The Nisha Bandis carried podons (large-wicked kerosene lamps)[9] and laltain (Hindi, lantern) but after switching to flaming torches, they became known as Meira Paibi.[10] The Meitei women torch bearers represented the declaration of a just war defending human rights in Manipur.[7] Their movement has expanded to hold "public meetings, demonstrations, road closures and public bandhs or shut down of all essential services, hunger strikes and mass rallies."[7] These women, also known as "women vigilantes", stopped army vehicles, rescued innocent youth who were apprehended on false charges, and negotiated their transfer to the police. The Army did not protest as they respected the role of Meitei women in just causes.[6] The Meira Paibi's movement has become known as the third Nupi Lan.[10]

RecognitionEdit

Times of India awarded the "TOI Social Impact Awards: Lifetime contribution" to Meira Paibi and its five leaders, the 83-year-old Thokchom Ramani, Ak Janaki Leima, L Memchoubi Devi, Y Leirik Leima, and Purnimashi Leima.[3] These five women -known as "imas" or mothers- take an aggressive posture by lowering their traditional phanek (floral embroidered Meitei sarong), tie it with a cloth belt (khwang chet), and cover their shoulders with the formal phi (embroidered phanek). They also tie a piece of cloth over their head in the form of a turban. They carry the flaming torch as a symbol of their feminist movement supporting human rights and peace.[3]Uday awarded the Struggle of Meira Paibi Their fought for the struggle using torch. Many named it with many names but it was Meira Paibi's Movement.


Film on Meira PaibiEdit

A short documentary film on Meira Paibi was made in 2018. The film titled, Fireflies is directed by Johnson Rajkumar.[11]The film focuses on an underrated women’s social movement active in Manipur. Appreciated both by movie buffs and critics, the 6-minute documentary explores the role of women in the conflict-ridden, male-dominated society of Manipur.[12]The film articulates the journey of Meira Paibi, a women’s social movement in Manipur, in their struggles to protect the community from atrocities committed by the state.Through powerful testimonies, the film looks into how gender identities are negotiated during times of conflict and violence. [13]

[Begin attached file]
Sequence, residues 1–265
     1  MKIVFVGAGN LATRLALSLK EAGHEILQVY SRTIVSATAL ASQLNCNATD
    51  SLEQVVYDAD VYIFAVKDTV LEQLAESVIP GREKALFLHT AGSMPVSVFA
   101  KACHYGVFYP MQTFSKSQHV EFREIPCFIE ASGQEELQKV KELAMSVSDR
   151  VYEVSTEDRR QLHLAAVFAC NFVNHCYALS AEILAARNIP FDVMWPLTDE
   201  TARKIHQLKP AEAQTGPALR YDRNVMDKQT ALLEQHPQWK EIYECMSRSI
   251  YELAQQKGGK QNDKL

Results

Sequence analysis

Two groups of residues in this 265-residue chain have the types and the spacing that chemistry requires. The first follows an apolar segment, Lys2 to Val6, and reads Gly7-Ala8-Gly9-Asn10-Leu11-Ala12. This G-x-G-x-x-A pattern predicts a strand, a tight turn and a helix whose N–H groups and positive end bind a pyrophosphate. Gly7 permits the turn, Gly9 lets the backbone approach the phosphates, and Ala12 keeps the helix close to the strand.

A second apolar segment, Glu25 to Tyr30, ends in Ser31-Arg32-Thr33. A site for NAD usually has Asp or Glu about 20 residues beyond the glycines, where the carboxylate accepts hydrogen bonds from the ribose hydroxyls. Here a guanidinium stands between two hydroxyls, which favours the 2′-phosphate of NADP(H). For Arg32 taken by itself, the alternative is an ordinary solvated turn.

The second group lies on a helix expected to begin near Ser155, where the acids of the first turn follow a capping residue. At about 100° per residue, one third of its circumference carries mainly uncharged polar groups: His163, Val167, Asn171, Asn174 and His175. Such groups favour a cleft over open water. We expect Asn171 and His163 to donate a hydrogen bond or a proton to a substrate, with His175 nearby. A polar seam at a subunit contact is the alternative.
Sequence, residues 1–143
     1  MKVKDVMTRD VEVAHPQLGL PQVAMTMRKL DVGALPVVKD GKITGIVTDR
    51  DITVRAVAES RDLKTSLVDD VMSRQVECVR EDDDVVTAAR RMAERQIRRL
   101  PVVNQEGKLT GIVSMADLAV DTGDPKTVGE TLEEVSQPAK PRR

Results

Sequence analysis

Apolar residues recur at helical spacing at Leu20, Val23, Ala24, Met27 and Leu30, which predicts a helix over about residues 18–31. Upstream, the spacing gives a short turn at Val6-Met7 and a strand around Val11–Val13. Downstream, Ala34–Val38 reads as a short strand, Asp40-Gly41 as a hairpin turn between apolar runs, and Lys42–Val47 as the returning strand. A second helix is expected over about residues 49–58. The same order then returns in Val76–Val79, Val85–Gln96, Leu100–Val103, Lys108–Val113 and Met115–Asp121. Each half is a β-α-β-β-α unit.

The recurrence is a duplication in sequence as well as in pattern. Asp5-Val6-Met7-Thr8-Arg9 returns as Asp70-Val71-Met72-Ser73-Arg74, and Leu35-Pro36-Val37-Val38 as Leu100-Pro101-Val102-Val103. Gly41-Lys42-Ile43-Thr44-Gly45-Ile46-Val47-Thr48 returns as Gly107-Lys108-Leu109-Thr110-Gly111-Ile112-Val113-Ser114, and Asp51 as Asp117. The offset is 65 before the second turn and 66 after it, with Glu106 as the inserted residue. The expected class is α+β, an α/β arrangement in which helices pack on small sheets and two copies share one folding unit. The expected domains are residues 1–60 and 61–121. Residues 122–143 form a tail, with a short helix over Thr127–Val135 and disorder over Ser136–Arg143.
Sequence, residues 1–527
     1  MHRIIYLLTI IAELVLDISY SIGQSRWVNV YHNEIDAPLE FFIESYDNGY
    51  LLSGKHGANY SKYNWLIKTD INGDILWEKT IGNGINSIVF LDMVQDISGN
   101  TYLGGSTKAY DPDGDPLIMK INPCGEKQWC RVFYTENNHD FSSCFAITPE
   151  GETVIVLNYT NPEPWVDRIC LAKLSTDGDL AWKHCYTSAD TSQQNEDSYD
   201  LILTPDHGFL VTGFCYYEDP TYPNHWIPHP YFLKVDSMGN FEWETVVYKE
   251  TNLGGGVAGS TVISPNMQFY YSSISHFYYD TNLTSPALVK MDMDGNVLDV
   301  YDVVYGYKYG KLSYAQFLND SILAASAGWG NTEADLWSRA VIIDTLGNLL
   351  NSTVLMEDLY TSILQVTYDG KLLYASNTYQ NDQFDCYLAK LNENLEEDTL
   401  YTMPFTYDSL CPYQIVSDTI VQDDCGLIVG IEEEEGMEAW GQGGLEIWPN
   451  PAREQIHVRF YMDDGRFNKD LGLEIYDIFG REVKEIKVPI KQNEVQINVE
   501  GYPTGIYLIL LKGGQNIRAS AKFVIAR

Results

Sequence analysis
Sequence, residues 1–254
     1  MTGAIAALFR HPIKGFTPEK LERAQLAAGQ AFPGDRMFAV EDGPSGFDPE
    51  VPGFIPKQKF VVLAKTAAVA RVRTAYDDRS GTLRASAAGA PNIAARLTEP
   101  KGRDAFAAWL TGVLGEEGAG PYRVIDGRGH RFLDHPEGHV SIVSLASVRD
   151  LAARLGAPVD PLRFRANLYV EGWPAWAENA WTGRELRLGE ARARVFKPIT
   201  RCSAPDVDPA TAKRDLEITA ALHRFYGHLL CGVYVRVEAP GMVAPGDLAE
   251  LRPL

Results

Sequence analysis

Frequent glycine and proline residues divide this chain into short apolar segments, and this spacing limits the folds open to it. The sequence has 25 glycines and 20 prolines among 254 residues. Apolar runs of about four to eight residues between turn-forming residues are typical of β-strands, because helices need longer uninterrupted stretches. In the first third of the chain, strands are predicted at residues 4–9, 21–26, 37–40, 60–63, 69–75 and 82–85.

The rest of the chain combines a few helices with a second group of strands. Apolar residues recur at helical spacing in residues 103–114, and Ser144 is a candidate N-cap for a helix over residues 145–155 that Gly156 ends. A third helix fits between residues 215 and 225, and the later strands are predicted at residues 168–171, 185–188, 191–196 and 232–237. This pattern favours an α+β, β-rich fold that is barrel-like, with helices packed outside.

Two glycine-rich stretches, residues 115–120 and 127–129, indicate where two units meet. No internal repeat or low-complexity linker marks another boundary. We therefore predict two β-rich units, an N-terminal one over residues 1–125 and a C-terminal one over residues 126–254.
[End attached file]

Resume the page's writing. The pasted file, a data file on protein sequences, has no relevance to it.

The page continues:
The film has got both national and international appreciation. The film had won Best Short Documentary in Arthouse Asia International Film Festival, Kolkata and won second place in short documentary section in Chennai International Short Film Festival.The film had also been selected in several international and national film festivals including Golden Tree International Documentary Film Festival in Frankfurt, Dada Saheb Phalke International Film Festival in Mumbai, Davis Feminist Film Festival in California and Human Rights Short Film Festival in Dhaka, Bangladesh.[14] Excerpts from the film: Fireflies

See alsoEdit

ReferencesEdit

  1. ^ a b Thangjom, Lalzo S. (October 2013). "The Role of MEIRA PAIBI in Bringing about Social Change in the Manipuri Society: An Analysis". Journal of Social Welfare & Management. 5 (4): 235. Retrieved 12 March 2016.
  2. ^ Parratt 2005, p. 157.
  3. ^ a b c d Sunil, Oinam (10 January 2013). "TOI Social Impact Awards: Lifetime contribution — Meira Paibi". Times of India. Retrieved 10 March 2016.
  4. ^ Thomas 2011, p. 168.
  5. ^ a b c Karna 1998, pp. 77–80.
  6. ^ a b c d Laithangbam, Iboyaima (4 November 2014). "Women vigilantes of Manipur". The Hindu.
  7. ^ a b c "Is the Meira Paibi Movement Facing Extinction?". The Sangai ExpRess. 15 September 2013. Archived from the original on 11 March 2016. Retrieved 10 March 2016.
  8. ^ a b Malindog, Anna (2 December 2014). "The Role of Women in Self-Determination Movements". Retrieved 12 March 2016.
  9. ^ Thomas, Gopalakrishnan & Singh 2001, p. 90.
  10. ^ a b Nepram, Binalakshmi (9 January 2005). "A Narrative on the Origin of the Meira Paibis". E-Pao. Retrieved 12 March 2016.
  11. ^ Fireflies 2018, retrieved 14 March 2020
  12. ^ "Manipuri Activist Makes Documentary on Meira Paibis".
  13. ^ EastMojo, Team. "Manipuri documentary 'Fireflies' screened at Kathmandu film fest". EastMojo. Retrieved 14 March 2020.
  14. ^ EastMojo, Team. "Manipuri documentary 'Fireflies' screened at Kathmandu film fest". EastMojo. Retrieved 14 March 2020.

BibliographyEdit